private static final int SHUTDOWN = 0 << COUNT_BITS;
private static final int STOP = 1 << COUNT_BITS;
private static final int TIDYING = 2 << COUNT_BITS;
private static final int TERMINATED = 3 << COUNT_BITS;

// Packing and unpacking ctl
private static int runStateOf(int c) { return c & ~CAPACITY; }
private static int workerCountOf(int c) { return c & CAPACITY; }
private static int ctlOf(int rs, int wc) { return rs | wc; }

// Example code of updating state and thread count
ctl.compareAndSet(c, ctlOf(TIDYING, 0);

Worker locks

Worker class extends AbstractQueuedSynchronizer to gain locking mechanism. Many of the JDK Concurrent utilities like Semaphore, ReEntrantLock, CountdownLatch extend the aforementioned class. Worker class needs to override only few methods, to get the desired locking (for its state).

private final class Worker
extends AbstractQueuedSynchronizer
implements Runnable {

protected boolean isHeldExclusively() {
return getState() != 0;

protected boolean tryAcquire(int unused) {
if (compareAndSetState(0, 1)) {
return true;
return false;

protected boolean tryRelease(int unused) {
return true;

public void lock() { acquire(1); }
public boolean tryLock() { return tryAcquire(1); }
public void unlock() { release(1); }

Executor shutdown (with states)

When a shutdown is requested for the executor,

  • it changes its state to SHUTDOWN/STOP to stop accepting new tasks
  • changes it state to TIDYING
  • tries to shut all running threads (on best-effort-basis)
  • changes its state to TERMINATED
  • if shutdownNow is called, returns the list of pending tasks
// partial code for shutDown
public void shutdown() {
advanceRunState(SHUTDOWN); // change state to SHUTDOWN
onShutdown(); // hook for ScheduledThreadPoolExecutor

// partial code for shutDownNow
public void shutdownNow() {

// ... code same as shutdown...
advanceRunState(STOP); // change state to STOP

// return pending tasks from the queue
List<Runnable> tasks = drainQueue();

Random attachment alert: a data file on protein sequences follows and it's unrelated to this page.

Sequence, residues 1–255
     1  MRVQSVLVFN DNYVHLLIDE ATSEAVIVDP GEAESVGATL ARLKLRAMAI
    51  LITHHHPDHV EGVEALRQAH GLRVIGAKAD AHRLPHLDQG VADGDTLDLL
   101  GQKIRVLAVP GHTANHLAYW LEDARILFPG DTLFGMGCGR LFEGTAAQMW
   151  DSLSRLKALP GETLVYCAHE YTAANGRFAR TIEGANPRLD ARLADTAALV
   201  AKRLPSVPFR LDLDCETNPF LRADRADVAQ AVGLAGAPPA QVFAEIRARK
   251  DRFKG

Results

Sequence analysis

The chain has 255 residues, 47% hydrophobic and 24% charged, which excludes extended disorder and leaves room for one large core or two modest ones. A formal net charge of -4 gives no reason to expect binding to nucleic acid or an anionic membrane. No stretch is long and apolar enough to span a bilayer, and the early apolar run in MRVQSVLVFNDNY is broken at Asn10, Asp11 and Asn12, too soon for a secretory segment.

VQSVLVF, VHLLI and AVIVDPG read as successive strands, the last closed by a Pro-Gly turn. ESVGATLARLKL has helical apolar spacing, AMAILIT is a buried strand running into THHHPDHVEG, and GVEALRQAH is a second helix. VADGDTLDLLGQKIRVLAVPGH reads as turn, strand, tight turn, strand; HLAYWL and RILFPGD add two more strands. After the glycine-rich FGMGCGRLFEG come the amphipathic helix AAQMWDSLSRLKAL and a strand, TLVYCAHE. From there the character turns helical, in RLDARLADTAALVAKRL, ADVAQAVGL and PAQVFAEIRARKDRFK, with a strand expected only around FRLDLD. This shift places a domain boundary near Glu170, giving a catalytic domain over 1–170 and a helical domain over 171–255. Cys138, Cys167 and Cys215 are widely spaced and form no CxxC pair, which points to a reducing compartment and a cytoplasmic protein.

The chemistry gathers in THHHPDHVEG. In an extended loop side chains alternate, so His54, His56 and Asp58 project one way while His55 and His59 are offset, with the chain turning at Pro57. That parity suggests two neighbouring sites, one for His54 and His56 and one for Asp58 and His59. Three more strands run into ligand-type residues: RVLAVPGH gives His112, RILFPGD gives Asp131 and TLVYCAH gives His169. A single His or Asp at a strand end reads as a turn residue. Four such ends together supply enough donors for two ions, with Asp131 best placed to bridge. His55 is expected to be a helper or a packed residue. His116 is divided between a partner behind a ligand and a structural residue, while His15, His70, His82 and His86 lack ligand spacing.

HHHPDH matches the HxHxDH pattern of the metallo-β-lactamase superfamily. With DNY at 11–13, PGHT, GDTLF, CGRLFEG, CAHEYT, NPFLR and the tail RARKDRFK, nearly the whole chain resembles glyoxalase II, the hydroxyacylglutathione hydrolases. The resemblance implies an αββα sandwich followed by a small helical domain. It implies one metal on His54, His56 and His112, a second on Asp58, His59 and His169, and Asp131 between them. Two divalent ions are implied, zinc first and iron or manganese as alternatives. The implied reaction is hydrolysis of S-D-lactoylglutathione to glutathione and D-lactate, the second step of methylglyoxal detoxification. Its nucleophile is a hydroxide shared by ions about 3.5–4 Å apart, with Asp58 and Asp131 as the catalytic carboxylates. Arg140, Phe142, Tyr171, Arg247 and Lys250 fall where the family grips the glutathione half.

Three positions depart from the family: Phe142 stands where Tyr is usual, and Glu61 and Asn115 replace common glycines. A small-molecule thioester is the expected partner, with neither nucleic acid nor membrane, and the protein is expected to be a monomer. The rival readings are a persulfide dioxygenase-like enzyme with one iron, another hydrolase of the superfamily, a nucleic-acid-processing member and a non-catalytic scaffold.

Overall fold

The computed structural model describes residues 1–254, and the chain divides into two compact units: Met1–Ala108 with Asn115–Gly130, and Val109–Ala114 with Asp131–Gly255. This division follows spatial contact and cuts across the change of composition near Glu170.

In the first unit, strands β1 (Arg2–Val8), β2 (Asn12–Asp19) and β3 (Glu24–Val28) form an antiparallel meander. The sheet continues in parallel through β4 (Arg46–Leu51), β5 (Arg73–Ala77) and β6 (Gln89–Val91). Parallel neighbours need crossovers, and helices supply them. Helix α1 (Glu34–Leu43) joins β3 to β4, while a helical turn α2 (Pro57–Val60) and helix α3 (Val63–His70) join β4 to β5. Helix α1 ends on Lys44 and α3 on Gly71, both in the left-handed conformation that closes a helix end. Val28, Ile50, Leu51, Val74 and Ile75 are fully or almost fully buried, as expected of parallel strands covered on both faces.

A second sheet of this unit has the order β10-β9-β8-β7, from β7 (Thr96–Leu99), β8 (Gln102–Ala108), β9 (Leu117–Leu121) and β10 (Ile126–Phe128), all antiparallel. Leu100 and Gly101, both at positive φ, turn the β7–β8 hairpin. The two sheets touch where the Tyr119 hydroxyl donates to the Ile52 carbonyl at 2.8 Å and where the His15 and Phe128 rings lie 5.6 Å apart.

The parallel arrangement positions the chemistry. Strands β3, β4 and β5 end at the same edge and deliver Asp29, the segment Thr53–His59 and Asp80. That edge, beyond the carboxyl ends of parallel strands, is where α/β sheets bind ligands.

return tasks;

// partial code for tryTerminate
final void tryTerminate() {

Thread Interrupts

When the executor is shutdown, it will change its state and ask all threads to interrupt. Note that worker threads run the tasks using its lock, thus executor cannot interrupt such threads. It can only interrupt threads which are idle.

The worker threads before starting to execute the tasks, check the state of the executor, and interrupt the thread.

Thus stopping the executor is on a best effort basis. Any threads which are running long running tasks might take a while to respond to interrupt (or to complete the task).

private void interruptIdleWorkers(boolean onlyOne) {
for (Worker w : workers) {
Thread t = w.thread;

// if worker not already interrupted, try to acquire its lock
if (!t.isInterrupted() && w.tryLock()) {
try {
// interrupt the thread
} catch (SecurityException ignore) {
} finally {

// partial code of runWorker
final void runWorker(Worker w){
if ((runStateAtLeast(ctl.get(), STOP)))

Default thread factory (Executors)

The default thread factory, creates non-daemon threads, with same priority as calling thread (or Normal priority if not set) and sets appropriate names for the threads to distinguish between threads of different pools.

static class DefaultThreadFactory implements ThreadFactory {
private static final AtomicInteger poolNumber = new AtomicInteger(1);
private final ThreadGroup group;
private final AtomicInteger threadNumber = new AtomicInteger(1);
private final String namePrefix;

DefaultThreadFactory() {
SecurityManager s = System.getSecurityManager();
group = (s != null) ? s.getThreadGroup() :
namePrefix = "pool-" +
poolNumber.getAndIncrement() +

public Thread newThread(Runnable r) {
Thread t = new Thread(group, r,
namePrefix + threadNumber.getAndIncrement(),
if (t.isDaemon())
if (t.getPriority() != Thread.NORM_PRIORITY)
return t;

Types of executors

Now that we understand how task queue, keepAlive time, thread factory, corePoolSize and maxPoolSize are used by the executor, creating various types of Executors is easy.

Type Meaning Min Threads Max Threads Queue type keepAlive
Fixed Fixed size of worker threads x x LinkedBlockingQueue 0
Single Single worker thread 1 1 LinkedBlockingQueue 0
Cached Unlimited max threads x Integer.MAX_VALUE SynchronousQueue 60 seconds
Scheduled For scheduled tasks x Integer.MAX_VALUE DelayedWorkQueue 0

There is also an WorkStealingPool which uses ForkJoinPool, that is a separate class not covered in this post.


~2000 lines of code for ThreadPoolExecutor class looks overwhelming at first. Though, if we start with only the essentials and keep adding each layer, it all starts to make sense. Dare I say, the code looks quite straight-forward. There is a sense of elegance and beauty in its simplicity.

We have not covered FutureTask and ForkJoinPool. Those demand their own blog post.

Hit me up in the comments for any queries or corrections.